Pound for pound, too, a pony can be stronger than a horse. Shetlands can carry a grown man with ease, though his feet may drag on the ground. Horses will lose weight-bearing capability as they get larger; a very large horse is challenged enough to carry his own weight around without also carrying a heavy rider. A really big horse is not what you want to carry your very heavy rider, especially if he’s in armor. You want a cob, a stocky, sturdily built animal in the mid rage between pony and horse—14.2 to 15.2 hands. The Welsh Cob is a great example, as is the Lipizzaner. Forlong the Fat, in my head, is riding a largeish Welsh Cob, and the Cob is rocking it.
At io9, Tom Hiddlestone is surprised Loki hasn’t been offed yet. I’m not, given he’s the best character in the MCU in my humble opinion. As the author points out:
He manages to bring a dashing chaos to Loki, like James Bond doing a Joker impression.
(Time to dust off those Hiddlestone-replaces-Craig-as-Bond rumors, too.)
Oh my word. Adam at The Wertzone appears to have written at least a hundred thousands words ‘summarizing’ the history of Middle-earth in ten parts so far. Impressive, albeit intimidating. Warm up, stretch and hydrate before attempting.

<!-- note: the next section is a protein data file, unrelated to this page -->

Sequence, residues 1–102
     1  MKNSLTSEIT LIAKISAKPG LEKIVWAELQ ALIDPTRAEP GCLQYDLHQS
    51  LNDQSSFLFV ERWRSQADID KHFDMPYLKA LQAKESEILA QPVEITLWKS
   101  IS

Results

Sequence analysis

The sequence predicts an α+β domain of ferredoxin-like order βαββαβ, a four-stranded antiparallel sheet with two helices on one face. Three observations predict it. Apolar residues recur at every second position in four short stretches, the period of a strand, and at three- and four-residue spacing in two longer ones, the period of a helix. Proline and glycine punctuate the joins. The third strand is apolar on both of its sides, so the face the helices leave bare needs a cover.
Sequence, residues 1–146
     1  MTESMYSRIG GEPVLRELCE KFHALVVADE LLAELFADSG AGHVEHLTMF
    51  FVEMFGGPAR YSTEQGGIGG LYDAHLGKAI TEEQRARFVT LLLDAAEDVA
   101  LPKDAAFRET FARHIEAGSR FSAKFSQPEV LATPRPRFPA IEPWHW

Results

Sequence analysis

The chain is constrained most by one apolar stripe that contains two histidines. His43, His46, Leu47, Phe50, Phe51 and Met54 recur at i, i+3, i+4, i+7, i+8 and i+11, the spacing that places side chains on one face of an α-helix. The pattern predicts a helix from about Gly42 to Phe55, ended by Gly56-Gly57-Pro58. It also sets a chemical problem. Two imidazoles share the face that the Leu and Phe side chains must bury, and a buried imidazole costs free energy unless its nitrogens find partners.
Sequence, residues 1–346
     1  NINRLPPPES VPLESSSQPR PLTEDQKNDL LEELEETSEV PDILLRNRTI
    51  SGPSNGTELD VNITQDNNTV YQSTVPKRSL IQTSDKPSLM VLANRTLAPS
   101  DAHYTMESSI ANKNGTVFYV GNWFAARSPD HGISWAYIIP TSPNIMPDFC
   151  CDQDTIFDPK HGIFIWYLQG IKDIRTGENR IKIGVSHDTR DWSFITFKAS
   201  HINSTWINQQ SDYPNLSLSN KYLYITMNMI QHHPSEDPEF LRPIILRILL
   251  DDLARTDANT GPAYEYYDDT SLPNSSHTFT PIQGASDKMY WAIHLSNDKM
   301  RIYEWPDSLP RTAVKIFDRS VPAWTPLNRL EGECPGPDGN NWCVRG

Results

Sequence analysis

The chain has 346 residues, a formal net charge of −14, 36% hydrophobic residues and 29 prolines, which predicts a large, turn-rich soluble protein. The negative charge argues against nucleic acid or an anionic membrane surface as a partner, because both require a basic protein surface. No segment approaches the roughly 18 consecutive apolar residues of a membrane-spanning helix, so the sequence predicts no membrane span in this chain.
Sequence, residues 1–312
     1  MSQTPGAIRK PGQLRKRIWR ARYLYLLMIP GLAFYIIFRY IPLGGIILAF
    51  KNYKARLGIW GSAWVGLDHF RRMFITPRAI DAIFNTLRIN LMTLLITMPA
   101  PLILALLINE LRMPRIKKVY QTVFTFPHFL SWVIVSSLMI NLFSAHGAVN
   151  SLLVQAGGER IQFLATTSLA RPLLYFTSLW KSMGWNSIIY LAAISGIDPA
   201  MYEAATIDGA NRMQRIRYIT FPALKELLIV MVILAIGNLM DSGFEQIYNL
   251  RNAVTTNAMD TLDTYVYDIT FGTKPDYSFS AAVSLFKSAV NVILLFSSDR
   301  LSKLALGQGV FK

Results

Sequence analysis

Back in the MCU (kind of – MTU?), the trailer for the upcoming Punisher Netflix show dropped. And Frank… well, Frank is angry.
I’m very excited to see this, as John Bernthal is fantastic and his Frank Castle was the best part of a… let’s say uneven season two of Daredevil. I’ve a little catching up to do first though, as I’ve yet to finish Luke Cage (excellent), Iron Fist (slog) or even start The Defenders. Of the latter, I’ve heard good things, but apparently people aren’t watching it–perhaps more viewers than just me are struggling to keep up with all the other good TV on. (We’ve only just started Stranger Things and season two starts next month!)